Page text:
[Trigger warning: mention of drug use and suicide.]
How did the idea for your ‘Done Doing Time’ project come about?
I would visit Concetta and Linda as they set up their new lives outside of prison. My camera was with me. I would photograph without a clear plan. As I photographed their new lives, I sensed that I wanted to do more. As I spent more time, they opened up more. I began to see that there was a story I wanted to tell.
As a photographer and documentarian, what was it about the women you volunteered with that made you want to share their stories?
Actually, it was as a teacher that I first made their acquaintance. In that role I saw and heard about their lives prior to prison, and during prison. This was new to me on a first-person level. Every woman I met had something to teach me about the system and about their lives, I was learning about who gets locked up and why, I was learning about the insidiousness of drug dependency and how every woman’s story had a unique angle to it.
Storytelling is a powerful way to connect with people we may not otherwise meet or know about. How do you hope this book will allow viewers to connect with the women who are featured, and have empathy/understanding about their experiences?
I have always been a storyteller. It became clearer to me when I began to photograph. I am a great believer in the power of the story and even as a young person I wondered what lives were like in that neighborhood over there, or driving down a street in the back seat of the family car I would ask myself what people who lived in those houses with the lights on were doing?
My hope is that the powerful personalities of Concetta and Linda will show others that women get stuck, trapped, neglected, abused, traumatized, and are left to cope on their own. They end up without a support system or they override what system they had. These are real people with compelling stories, and I hope that the subtleties of their experiences and their dreams will inform viewers that they are not all bad or all good or all any one thing.
What were some of your own biases that you had to overcome during this process, and what did you learn from New Directions?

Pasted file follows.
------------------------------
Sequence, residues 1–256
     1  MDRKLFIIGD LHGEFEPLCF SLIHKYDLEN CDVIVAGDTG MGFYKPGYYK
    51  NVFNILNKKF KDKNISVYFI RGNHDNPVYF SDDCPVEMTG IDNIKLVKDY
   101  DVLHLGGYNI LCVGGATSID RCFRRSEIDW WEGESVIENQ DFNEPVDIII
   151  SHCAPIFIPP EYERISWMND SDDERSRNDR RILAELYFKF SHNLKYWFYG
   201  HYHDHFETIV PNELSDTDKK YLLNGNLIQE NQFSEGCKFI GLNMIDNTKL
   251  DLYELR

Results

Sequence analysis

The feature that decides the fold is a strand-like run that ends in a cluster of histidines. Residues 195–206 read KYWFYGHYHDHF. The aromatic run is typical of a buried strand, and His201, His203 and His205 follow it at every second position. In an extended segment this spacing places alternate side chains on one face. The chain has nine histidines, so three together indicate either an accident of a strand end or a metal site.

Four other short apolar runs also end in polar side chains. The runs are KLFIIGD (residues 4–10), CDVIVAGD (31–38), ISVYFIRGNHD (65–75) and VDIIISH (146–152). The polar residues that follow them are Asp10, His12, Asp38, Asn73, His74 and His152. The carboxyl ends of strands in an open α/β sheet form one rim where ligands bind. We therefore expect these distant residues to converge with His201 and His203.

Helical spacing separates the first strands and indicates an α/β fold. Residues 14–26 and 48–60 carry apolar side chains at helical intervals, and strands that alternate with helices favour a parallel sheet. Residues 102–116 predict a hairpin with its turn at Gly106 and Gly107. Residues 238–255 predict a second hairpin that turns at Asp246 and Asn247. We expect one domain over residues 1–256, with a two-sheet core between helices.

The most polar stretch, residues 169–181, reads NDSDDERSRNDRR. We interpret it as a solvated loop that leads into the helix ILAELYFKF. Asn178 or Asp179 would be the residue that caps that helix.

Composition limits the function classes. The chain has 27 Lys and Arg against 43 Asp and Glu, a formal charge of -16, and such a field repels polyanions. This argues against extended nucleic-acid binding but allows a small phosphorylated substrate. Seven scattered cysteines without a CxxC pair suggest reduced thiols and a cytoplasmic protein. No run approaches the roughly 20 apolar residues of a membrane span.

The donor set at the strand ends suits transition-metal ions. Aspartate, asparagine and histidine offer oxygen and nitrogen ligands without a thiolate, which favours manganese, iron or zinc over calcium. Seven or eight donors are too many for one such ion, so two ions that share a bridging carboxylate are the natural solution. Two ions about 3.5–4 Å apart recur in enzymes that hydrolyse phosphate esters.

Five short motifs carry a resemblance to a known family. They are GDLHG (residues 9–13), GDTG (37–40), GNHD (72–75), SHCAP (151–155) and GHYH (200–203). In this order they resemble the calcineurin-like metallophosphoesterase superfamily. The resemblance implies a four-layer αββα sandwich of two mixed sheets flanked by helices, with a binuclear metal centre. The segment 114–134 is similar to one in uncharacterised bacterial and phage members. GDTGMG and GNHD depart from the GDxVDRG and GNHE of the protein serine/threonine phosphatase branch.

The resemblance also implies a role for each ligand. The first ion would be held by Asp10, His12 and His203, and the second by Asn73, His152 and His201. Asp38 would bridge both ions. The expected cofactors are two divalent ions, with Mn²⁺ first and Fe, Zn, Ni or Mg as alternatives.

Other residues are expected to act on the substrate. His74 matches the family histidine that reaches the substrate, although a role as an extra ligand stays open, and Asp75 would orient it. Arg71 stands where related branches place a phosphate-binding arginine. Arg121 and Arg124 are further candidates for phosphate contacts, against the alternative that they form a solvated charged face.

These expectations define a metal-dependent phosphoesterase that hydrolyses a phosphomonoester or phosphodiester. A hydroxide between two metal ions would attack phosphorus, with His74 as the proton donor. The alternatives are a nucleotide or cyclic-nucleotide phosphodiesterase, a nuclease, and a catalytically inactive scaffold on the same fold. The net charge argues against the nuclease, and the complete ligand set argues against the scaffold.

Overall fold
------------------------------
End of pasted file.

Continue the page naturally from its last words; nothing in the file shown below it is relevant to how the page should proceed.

Let me tell you about Myra. Myra was first in prison and then at NDFW for vehicular homicide. This was something I was clear about: If you get behind the wheel of a car while drunk and kill someone, you deserve to be locked up almost forever. Clear to me.
But then I got to know Myra. She was the one who told me if I just committed a crime, I could move into NDFW. She also told me that she had my number. She certainly did. She wanted a certain face cream or mystery novel? I brought it. I met her daughter, son, grandson, and photographed all of them. I learned about the tragedies in Myra’s life. I began to cut her some slack. As horrible an act as killing someone with a car is, it wasn’t intentional. She had family at home who loved her and needed her. She was a human being carrying this tragedy for the rest of her life.
The family who lost a loved one suffers immensely. What could make this any different? I don’t know. But my thoughts about who should be tossed away into a prison forever, changed. I followed Myra for a while. Her son died by suicide while in high school. Her husband died of an overdose. Her daughter was studying for a master’s degree and would call me periodically. Loss and struggles and gains beyond anything I could imagine.
This is one story of many. What I learned mostly perhaps was that I ended up loving every one of the women I met. Except, for maybe one or two of them. They were fighting so hard to change course. Some would make it. Many would not.
Having followed these women for quite some time, what surprised you most about their experiences and life after incarceration?